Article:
How to copy strings from file into array of pointers
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Thread: How to copy strings from file into array of pointers

  1. #1
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    How to copy strings from file into array of pointers

    I am trying to copy string Line BY Line from text file into array of pointers. lets say file has only two lines for example.

    This is an apple.
    This is another apple.

    I want to copy both of these lines from file to array of pointers. Below is the code which i am trying to use for this. I know it has many mistake could you please assist me. Thanks
    Code:
    #include <iostream>
    #include <stdlib.h>
    #include <stdio.h>
    #include <fstream>
    #include <string.h>
    
    using namespace std;
    
    int main()
    {
        char const *filePath = "test.txt";
    
        char *getLines[2];
        char chPerLine[20];
        char *ptrString;
        fstream myFile;
        myFile.open(filePath, ios::in | ios::out);
        myFile.getline(chPerLine, 20, '\n');
        ptrString = chPerLine;
        strcpy(*getLines, ptrString);
        *(ptrString + 1);
    
        myFile.getline(chPerLine, 20, '\n');
        ptrString = chPerLine;
        strcpy(*getLines, ptrString);
        myFile.close();
    
        cout << getLines[0] << getLines[1];
        return 0;
    }

  2. #2
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    Re: How to copy strings from file into array of pointers

    I am trying to copy string Line BY Line from text file into array of pointers.
    Why? Is this an assignment? If you want to read some lines from a file use the string class for each line and a vector of string to contain the lines.
    All advice is offered in good faith only. You are ultimately responsible for effects of your programs and the integrity of the machines they run on.

  3. #3
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    Re: How to copy strings from file into array of pointers

    Quote Originally Posted by 2kaud View Post
    Why? Is this an assignment? If you want to read some lines from a file use the string class for each line and a vector of string to contain the lines.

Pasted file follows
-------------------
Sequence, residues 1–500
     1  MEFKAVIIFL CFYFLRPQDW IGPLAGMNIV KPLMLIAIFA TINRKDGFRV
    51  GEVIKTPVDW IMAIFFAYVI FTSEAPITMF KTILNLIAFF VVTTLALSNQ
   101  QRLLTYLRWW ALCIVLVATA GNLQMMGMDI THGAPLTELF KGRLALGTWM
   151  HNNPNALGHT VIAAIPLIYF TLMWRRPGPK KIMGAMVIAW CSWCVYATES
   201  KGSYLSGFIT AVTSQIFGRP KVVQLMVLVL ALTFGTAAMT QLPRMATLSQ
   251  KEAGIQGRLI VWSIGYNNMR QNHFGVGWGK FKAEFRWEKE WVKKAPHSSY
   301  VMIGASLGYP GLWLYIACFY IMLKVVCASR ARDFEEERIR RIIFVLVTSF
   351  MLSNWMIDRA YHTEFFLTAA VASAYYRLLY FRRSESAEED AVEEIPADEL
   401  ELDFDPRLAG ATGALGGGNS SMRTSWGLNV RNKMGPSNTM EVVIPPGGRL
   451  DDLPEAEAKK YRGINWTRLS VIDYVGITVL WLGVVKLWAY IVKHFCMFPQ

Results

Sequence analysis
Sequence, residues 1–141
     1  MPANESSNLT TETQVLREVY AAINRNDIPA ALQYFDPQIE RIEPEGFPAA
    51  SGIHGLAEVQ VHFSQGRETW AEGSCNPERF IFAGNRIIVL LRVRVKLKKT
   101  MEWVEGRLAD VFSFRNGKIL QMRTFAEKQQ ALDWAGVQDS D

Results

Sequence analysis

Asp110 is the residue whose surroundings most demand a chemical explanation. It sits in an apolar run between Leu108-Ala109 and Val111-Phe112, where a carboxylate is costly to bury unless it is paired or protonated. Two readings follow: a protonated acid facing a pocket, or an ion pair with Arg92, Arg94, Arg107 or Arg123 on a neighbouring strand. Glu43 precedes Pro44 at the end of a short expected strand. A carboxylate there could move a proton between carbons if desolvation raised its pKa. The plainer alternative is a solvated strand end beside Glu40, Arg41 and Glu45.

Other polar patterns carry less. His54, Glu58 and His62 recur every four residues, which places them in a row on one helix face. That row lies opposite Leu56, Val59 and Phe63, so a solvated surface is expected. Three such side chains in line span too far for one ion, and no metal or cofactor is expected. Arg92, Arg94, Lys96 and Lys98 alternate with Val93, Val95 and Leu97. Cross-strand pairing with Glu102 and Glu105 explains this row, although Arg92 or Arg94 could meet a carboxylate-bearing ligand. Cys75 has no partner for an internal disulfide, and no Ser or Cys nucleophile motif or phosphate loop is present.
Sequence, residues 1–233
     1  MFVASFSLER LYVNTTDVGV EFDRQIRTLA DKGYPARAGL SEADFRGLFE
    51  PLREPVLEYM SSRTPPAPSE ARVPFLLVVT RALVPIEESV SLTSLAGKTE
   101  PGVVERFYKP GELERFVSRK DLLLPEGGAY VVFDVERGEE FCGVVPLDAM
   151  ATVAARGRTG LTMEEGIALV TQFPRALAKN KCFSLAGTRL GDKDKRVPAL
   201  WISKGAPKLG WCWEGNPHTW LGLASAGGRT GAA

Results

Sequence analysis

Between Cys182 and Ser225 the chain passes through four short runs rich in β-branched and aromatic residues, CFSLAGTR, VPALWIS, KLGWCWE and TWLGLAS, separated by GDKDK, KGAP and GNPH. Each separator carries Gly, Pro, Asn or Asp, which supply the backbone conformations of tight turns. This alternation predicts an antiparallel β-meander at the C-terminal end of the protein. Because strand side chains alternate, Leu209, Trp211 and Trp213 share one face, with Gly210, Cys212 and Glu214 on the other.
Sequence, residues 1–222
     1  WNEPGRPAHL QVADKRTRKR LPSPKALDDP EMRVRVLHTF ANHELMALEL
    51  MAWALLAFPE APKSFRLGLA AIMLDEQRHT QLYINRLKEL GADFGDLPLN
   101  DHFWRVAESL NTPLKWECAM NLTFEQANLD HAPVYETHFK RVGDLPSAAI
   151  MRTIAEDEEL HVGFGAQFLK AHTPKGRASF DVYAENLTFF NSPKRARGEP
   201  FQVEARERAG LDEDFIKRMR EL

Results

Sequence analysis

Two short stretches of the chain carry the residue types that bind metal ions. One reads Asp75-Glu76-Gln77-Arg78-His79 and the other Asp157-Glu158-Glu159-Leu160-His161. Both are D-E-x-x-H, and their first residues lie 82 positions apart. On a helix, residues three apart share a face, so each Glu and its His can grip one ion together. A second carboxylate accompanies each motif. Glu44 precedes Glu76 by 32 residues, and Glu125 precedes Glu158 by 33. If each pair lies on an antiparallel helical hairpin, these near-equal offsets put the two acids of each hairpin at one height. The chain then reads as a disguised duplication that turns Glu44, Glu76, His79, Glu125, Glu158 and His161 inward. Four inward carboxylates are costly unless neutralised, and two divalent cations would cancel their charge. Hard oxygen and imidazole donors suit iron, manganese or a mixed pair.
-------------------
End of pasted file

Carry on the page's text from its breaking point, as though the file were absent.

Yes its an assignment until now we did not cover vectors in school. Getline can get whole line and pointer to char can hold string so i want to use array of pointers to hold all the strings in a file and each string end with new line.

    Thanks for reply.

  4. #4
    GCDEF is offline Elite Member Power Poster
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    Re: How to copy strings from file into array of pointers

    Pointers need to point to things. getLines is an array of two uninitialized pointers.

    This line doesn't do anything.
    *(ptrString + 1);

  5. #5
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    Re: How to copy strings from file into array of pointers

    Code:
    char *getLines[2];
    getLines is an array of 2 elements of type pointer to char. ie each element should contain a valid memory address of an area of memory of the required size that contains chars. These memory addresses need to be obtained and assigned to the array elements. If valid memory addreses are not assigned to the array elements, these elements will contain unknown data as they haven't been initialised.

    So before you perform the strcpy() you need to initialise the appropriate getLines array element to a valid memory address of the appropriate size. Have you covered dynamic memory (eg new, delete)?

    Does your assignment actually specify using an array of pointers? What happens if you want to read more than the first two lines - or does the assignment specify only the first two?
    All advice is offered in good faith only. You are ultimately responsible for effects of your programs and the integrity of the machines they run on.

  6. #6
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    Re: How to copy strings from file into array of pointers

    Quote Originally Posted by fazee6 View Post